“The road from emerging market to developed market is long and littered with economic failures. Many countries have crashed and burned when they tried to short cut the development of key institutions or artificially boosted their economies with excessive debt.“
- Many nations have failed to make the transition from an emerging market to a developed market
- China hasn’t developed its global relations, internal politics and freedom of speech foundations that are needed to support future economic growth
- China continues to violate three rudimentary principles for economic growth
- It is no longer an argument of high growth versus soft landing, but soft landing versus hard landing
I’ve written of my concerns with China a number of times in the past two years, highlighting the excessive use of debt and poor allocation of capital. In the past few months the signs of a slowdown have become much more obvious. Trade data, commodity imports, underlying production data and a slowdown in consumer purchases have all pointed to general weakness in the economy. The falls in the stock market and the devaluation of the currency have drawn much greater attention to the issues.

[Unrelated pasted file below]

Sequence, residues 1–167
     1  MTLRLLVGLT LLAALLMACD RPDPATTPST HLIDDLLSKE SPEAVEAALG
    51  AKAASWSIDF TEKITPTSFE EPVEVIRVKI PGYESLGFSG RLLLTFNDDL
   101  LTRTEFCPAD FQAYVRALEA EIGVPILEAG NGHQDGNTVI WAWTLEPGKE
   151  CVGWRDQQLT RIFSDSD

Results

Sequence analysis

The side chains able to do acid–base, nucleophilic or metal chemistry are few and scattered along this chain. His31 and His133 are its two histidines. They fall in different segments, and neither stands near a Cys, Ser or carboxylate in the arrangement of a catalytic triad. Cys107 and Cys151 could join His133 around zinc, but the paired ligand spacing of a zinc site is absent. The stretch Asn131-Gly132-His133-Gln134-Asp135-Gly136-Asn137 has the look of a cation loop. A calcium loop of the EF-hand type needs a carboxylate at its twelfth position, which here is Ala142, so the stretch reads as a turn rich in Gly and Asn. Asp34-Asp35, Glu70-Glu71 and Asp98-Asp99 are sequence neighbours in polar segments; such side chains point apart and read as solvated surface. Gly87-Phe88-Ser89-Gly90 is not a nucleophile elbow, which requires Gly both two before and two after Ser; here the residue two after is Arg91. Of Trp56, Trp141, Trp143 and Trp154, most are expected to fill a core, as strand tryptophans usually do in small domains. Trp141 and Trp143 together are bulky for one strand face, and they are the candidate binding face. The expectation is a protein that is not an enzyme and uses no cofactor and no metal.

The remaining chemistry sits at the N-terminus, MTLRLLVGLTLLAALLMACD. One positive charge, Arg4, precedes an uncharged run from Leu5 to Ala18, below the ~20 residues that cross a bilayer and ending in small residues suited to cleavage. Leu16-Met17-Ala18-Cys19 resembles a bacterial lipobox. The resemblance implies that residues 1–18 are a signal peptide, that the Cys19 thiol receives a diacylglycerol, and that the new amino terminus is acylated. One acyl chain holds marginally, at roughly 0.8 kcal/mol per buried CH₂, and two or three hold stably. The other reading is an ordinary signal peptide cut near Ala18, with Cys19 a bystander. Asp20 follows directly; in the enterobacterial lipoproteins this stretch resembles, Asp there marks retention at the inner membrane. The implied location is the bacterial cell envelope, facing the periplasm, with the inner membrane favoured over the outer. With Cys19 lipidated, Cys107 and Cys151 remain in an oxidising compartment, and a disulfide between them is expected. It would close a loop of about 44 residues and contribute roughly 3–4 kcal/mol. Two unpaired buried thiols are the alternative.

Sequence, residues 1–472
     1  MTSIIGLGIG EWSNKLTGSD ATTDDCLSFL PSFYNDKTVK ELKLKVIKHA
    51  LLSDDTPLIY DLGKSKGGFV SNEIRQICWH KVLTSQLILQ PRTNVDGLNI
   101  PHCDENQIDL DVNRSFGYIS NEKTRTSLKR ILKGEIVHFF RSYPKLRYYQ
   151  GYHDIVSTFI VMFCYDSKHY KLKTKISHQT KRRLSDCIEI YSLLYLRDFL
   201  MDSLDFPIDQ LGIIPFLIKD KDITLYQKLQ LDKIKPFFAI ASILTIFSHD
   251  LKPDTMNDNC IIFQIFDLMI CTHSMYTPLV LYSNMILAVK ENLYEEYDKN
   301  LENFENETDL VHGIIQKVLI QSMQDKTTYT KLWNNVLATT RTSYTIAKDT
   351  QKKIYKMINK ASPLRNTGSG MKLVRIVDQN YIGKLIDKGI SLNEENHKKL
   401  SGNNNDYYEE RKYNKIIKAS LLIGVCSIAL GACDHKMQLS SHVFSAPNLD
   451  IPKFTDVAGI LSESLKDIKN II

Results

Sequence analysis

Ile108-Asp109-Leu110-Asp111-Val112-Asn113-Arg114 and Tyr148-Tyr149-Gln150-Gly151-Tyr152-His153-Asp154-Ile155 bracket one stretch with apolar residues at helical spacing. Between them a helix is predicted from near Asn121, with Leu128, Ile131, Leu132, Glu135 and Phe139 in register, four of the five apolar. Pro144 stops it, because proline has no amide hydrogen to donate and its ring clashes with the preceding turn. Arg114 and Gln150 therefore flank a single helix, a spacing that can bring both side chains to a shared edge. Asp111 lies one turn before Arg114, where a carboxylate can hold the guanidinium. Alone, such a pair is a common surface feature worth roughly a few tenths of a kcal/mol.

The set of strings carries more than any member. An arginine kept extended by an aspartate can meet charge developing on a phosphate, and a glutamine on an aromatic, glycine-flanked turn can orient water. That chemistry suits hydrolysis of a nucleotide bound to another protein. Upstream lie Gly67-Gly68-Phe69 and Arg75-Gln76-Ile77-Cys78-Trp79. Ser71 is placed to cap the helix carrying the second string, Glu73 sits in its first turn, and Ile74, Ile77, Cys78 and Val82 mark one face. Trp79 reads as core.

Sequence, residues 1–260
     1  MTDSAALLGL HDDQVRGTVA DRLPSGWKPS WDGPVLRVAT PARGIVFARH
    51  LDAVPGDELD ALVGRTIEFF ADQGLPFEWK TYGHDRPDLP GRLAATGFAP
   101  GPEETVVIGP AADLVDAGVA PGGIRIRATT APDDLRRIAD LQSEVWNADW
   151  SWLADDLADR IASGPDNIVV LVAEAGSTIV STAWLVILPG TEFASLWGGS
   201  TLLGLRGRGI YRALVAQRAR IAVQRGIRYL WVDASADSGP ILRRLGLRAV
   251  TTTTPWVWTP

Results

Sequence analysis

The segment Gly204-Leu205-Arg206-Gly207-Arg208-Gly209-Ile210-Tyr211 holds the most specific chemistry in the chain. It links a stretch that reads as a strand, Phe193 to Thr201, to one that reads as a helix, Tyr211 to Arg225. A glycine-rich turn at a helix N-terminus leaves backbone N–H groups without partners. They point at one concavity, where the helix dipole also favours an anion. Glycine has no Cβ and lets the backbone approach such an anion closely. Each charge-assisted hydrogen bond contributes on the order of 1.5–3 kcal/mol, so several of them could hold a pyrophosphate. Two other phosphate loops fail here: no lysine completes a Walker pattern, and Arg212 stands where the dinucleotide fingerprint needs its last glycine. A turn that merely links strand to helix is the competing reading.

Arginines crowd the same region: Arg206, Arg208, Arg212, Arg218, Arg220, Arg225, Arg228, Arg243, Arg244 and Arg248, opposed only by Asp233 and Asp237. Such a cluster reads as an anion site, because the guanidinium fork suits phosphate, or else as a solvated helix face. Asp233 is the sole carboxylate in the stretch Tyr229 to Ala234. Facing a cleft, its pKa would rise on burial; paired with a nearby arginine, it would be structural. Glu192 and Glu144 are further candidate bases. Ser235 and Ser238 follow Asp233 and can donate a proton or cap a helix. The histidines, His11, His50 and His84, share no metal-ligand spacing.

In writing about how China may fair on its journey towards being a developed market I will first go beyond the economic and financial issues, to more political and philosophical issues. These are important as they are the foundations that support investment and economic growth. The failure to support the maturing of these doesn’t immediately reduce growth but in the long term they are vital cogs of a developed economy. In these areas China is still struggling badly and appears to have gone backwards in recent years.